Reliability and variability of neuronal activity are both thought to be important for the proper function of neuronal networks. The crustacean pyloric rhythm (∼1 Hz) is driven by a group of pacemaker neurons (AB/PD) that inhibit and burst out of phase with all follower pyloric neurons. The only known chemical synaptic feedback to the pacemakers is an inhibitory synapse from the follower lateral pyloric (LP) neuron. Although this synapse has been studied extensively, its role in the generation and coordination of the pyloric rhythm is unknown. We examine the hypothesis that this synapse acts to stabilize the oscillation by reducing the variability in cycle period on a cycle-by-cycle basis. Our experimental data show that functionally removing the LP-pyloric dilator (PD) synapse by hyperpolarizing the LP neuron increases the pyloric period variability. The increase in pyloric rhythm stability in the presence of the LP-PD synapse is demonstrated by a decrease in the amplitude of the phase response curve of the PD neuron. These experimental results are explained by a reduced mathematical model. Phase plane analysis of this model demonstrates that the effect of the periodic inhibition is to produce asymptotic stability in the oscillation phase, which leads to a reduction in variability of the oscillation cycle period.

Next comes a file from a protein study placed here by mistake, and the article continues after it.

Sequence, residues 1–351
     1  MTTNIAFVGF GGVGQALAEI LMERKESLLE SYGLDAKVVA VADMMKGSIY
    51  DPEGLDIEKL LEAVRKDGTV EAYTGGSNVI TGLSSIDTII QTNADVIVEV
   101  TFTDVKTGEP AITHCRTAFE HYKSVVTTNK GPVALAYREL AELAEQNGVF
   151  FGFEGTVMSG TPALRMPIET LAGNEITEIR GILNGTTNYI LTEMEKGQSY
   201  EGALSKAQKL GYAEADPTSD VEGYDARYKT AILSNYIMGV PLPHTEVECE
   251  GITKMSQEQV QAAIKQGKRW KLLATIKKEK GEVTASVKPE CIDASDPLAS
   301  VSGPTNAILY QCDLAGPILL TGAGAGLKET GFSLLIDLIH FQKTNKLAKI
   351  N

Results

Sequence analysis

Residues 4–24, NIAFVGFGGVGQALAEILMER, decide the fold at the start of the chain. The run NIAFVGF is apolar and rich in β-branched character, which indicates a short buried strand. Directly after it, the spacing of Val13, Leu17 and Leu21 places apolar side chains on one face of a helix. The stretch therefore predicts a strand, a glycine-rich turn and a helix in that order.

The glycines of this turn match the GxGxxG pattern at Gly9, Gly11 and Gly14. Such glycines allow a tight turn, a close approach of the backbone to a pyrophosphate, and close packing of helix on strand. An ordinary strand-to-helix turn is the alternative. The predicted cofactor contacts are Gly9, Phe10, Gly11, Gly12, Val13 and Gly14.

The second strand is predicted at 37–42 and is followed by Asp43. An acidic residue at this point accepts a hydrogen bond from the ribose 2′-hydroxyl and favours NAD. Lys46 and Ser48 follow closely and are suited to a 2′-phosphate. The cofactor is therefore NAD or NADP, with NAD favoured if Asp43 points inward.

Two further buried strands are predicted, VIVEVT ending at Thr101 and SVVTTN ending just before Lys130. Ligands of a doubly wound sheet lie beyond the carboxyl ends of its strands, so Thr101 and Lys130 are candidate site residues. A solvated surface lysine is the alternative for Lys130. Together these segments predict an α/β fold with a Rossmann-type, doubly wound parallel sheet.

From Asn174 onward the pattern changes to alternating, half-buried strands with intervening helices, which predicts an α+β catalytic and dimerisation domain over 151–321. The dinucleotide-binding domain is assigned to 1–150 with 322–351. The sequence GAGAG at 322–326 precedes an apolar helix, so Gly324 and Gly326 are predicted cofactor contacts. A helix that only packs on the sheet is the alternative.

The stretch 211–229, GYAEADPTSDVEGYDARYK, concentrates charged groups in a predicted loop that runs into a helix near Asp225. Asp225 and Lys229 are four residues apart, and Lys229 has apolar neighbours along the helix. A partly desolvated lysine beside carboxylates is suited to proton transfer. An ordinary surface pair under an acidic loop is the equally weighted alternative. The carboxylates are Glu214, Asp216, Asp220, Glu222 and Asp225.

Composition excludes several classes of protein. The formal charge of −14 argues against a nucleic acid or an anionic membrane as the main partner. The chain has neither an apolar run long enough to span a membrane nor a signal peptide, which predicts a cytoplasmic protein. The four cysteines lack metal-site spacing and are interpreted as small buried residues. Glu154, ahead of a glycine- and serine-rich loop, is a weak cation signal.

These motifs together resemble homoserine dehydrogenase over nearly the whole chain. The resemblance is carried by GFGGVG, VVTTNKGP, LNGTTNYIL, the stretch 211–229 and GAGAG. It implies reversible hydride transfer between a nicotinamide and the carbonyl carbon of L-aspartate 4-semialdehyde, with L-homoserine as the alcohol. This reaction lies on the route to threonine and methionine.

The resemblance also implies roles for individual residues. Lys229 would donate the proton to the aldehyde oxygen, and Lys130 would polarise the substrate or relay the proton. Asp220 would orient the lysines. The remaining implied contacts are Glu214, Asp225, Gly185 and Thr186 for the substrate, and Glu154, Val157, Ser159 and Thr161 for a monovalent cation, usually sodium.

|Original language||English (US)|
|Journal||Journal of neural engineering|
|State||Published - Dec 2011|
All Science Journal Classification (ASJC) codes
- Biomedical Engineering
- Cellular and Molecular Neuroscience